[Photo credit: MilitaryHealth]
It’s commonly said that sitting is the new smoking. The private health fund, Medibank Private, recently published a fact sheet on sedentary behaviours. It stated that employees in certain industries were spending up to 80% of their work day sitting. In addition, the majority of these employees spent most of their time outside of work sitting as well. People who sit for long periods of time have a higher incidence of back pain and adverse health risks.
I recently changed the way I structure my day and week to optimise my productivity and I review that each fortnight. I had so many ideas for things I wanted to accomplish and it seemed that there was never enough time to exercise. Like many others, I got hung up on what time for exercise actually meant. I believed I needed thirty to sixty minutes to train each day. However, very rarely did I achieve that. Between all my grand ideas, day-to-day responsibilities, work obligations, voluntary commitments, time with my kids and time to simply relax, I regularly missed out on training as I knew it.
I came across a productivity term known as block and tackling. It means to block off time in your schedule for a particular task and to tackle that task with 100% focus. It’s done wonders for my productivity and thus, my overall happiness. The way I like to do it is to block and tackle in two hour blocks. I spend one and a half hours working on a task and take a thirty minute break. That break is scheduled for movement, socialisation and rest.
Research shows that the brain needs a minimum of twenty minutes to recover and return to a resting state following high-level thinking and decision making. This is the reasoning behind taking thirty minutes as opposed to fifteen. Inside that thirty minutes, I take time out to relax, let my mind wonder, and chat with people. It means I have to be disciplined during the one and a half hour work time or else it doesn’t work. Lack of discipline in those one and a half hour work times can easily derail the rest of my day.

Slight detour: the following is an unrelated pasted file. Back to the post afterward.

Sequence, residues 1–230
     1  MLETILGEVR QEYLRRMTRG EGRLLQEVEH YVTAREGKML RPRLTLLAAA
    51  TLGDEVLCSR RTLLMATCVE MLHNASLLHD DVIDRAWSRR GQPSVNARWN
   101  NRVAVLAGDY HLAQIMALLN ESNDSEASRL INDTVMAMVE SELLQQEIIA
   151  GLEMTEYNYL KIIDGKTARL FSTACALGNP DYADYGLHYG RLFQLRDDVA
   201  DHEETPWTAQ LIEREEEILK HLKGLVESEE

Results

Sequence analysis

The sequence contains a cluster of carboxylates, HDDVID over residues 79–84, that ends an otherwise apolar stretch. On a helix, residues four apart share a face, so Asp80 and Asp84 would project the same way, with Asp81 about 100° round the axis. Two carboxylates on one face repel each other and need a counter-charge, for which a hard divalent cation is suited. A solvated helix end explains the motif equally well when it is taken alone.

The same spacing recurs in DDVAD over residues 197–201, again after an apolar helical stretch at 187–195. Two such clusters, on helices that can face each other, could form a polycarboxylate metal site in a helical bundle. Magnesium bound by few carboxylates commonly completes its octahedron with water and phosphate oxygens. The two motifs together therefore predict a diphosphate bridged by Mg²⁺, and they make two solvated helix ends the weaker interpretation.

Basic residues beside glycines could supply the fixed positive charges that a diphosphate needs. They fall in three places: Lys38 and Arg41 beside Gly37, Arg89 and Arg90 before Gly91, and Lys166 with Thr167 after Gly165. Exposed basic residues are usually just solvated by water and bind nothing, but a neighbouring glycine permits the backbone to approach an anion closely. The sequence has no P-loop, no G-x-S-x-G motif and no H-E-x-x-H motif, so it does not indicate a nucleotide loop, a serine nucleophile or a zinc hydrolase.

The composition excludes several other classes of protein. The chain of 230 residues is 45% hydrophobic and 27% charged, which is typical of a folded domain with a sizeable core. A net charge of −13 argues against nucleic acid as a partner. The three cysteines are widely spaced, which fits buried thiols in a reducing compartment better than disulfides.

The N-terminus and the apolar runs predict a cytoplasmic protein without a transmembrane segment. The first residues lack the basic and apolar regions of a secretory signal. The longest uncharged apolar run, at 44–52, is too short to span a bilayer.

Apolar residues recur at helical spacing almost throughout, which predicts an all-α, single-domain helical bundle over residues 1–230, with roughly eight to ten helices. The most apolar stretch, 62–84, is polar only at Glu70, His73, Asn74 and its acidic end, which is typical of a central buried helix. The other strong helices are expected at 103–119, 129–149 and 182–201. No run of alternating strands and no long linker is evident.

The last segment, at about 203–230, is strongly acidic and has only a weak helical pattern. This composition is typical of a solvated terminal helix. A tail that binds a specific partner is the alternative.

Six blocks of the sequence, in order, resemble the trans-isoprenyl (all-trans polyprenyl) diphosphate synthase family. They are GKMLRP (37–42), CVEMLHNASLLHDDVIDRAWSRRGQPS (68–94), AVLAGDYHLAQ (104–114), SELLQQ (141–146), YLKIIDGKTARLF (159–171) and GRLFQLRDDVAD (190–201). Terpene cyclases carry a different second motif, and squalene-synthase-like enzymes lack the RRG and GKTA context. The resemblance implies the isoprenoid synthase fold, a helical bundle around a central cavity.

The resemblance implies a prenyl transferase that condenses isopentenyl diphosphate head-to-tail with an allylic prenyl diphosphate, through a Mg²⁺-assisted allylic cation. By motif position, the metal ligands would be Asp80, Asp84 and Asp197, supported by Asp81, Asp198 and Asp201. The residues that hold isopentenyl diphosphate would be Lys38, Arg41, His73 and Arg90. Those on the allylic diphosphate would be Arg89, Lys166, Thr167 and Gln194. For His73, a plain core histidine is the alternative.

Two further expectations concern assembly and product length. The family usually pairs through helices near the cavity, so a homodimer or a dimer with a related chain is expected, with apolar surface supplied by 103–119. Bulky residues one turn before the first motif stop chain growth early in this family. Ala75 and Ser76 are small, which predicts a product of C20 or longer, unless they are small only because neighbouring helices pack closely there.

I’ve been managing a project for the Northern Territory Institute of Sport called Move More Learn More. The aim of the project is to get children moving more throughout the day and to teach them the fundamentals of how to move proficiently. I’ve been trialling this same system with my day. I allocate ten minutes of my thirty minute break to practice some physical movement. If I do this at the start of the thirty minutes, the rest of the break time is more enjoyable, relaxing, and I’m much more productive and enthusiastic when I get into my next block to tackle.
Exercise for an hour at the end of a long day sitting at a desk is great. But being active all throughout the day is even better.
Schedule regular break times to participate in some form of movement. It might be some bodyweight strength exercises, stretching, or a short jog. The less you have change, the better. For example, you’re only exercising for a short period of time so if you have to get changed or you come back covered in sweat, you defeat the purpose. Find an exercise you can easily do without much transition into or out of it.
Tips for Moving Around More at Work